Love and scandal are the best sweeteners of tea. —Henry Fielding

24 May 2014

Monsters and Saviors

I don't normally post a giant poster here, but, like, it's Godzilla, and he/she is one huge motherfucker. In fact, my friends and I were trying to compare Godzilla to the size of a Tyrannosaurus or a Stegosaurus and, well, they are not really comparable to Gojira him/herself. This is one enormous monster.

This movie is enormous too. In fact, that is really the most important thing to say about this movie. About six minutes of it are really, really cool. The rest of the movie is intensely frustrating. Director Gareth Edwards shows us about 3 or 4 seconds of great action at a time, and then absolutely insists on cutting away from exactly the thing that the audience wants to see. This tactic happens about 25 times (I swear I am not exaggerating), and it started to drive me crazy after about the 5th time. The whole time I was thinking why isn't he letting me watch his movie? He has hidden an awesome six-minute flick within this two hour monstrosity and gives us just a little bit of awesomeness at a time.

All of this is further complicated by the really boring family at the middle of the film. I really like both Aaron Taylor-Johnson and Elizabeth Olsen, but they were both lifeless in this – staring wide-eyed and soullessly into Seamus McGarvey's camera – and waiting for something to happen. And I was too.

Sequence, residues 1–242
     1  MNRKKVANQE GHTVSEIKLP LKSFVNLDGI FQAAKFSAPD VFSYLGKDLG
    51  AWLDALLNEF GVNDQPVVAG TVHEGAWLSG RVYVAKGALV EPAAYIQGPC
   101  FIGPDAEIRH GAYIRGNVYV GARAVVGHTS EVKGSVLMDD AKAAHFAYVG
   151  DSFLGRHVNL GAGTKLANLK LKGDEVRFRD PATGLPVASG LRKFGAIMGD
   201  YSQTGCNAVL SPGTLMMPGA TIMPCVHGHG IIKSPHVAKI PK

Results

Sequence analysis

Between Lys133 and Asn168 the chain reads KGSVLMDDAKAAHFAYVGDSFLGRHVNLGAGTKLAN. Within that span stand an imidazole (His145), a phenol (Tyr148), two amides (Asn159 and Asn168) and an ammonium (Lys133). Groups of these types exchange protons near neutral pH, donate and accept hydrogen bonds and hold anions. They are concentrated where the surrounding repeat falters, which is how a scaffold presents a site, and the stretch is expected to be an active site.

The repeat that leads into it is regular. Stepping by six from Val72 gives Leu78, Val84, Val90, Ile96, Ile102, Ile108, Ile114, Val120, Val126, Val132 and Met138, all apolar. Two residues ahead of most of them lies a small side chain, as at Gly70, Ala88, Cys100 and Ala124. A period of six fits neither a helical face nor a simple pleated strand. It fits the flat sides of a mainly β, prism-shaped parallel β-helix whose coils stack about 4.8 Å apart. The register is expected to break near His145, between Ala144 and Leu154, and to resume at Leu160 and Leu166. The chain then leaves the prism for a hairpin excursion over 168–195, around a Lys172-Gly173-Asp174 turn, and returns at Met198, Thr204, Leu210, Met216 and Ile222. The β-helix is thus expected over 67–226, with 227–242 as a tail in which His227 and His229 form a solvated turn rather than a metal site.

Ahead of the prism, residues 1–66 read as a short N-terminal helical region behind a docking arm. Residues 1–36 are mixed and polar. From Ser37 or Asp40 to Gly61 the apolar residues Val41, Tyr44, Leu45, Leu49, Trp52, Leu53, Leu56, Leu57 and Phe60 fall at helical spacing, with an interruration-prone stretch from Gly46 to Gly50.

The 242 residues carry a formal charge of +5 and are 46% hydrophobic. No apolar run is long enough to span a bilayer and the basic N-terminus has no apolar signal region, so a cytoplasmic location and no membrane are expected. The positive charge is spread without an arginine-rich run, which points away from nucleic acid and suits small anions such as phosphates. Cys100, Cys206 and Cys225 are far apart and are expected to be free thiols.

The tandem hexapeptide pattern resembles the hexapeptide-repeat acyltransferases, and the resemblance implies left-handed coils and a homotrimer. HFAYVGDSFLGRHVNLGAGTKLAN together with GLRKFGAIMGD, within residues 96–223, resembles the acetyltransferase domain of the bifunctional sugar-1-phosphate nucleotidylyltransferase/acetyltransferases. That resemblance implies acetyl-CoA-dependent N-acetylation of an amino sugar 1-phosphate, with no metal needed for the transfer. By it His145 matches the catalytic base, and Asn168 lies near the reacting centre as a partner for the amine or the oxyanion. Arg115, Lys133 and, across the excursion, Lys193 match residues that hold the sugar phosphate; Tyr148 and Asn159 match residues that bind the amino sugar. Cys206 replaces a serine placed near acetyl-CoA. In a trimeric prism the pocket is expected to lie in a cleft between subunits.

The original Gojira
Godzilla him/herself is, of course, totally awesome. Just totally awesome. I could have watched her/him swim around the Pacific and walk around Hawaii/San Francisco/Tokyo and eat radiation and knock buildings over with that tail for at least 40 minutes. Maybe that's gonna be in the sequel...? It sure wasn't in this movie.

There isn't much else to say, I guess, except that I was totally annoyed by the absurdly heterosexist gendering of the other monsters in the movie (they're called MUTOs). The only thing this "female" monster cares about is reproducing, and she lays her eggs (I am not sure how the eggs are fertilized or anything like that, and the film doesn't bother to try to explain that), and then she leaves them just hanging around, but then when the eggs are destroyed, the screenwriters have her keen over her unborn young in this bizarre way. The whole thing made me cringe.

And they made Godzilla into this weird Christ figure, sacrificing her/himself in order to save the world. Sacrifice is all good and well, but the film "says" that Gojira is a kind of embodiment of nature itself. In other words, he/she should actually be rather indifferent about humanity per se.

Oh, I know what else there is to say: I've seen Guillermo Del Toro's Pacific Rim (which I really liked and reviewed here), so basically the whole time I was watching this Gojira reboot I was just wondering why they even tried. Pacific Rim already did this right.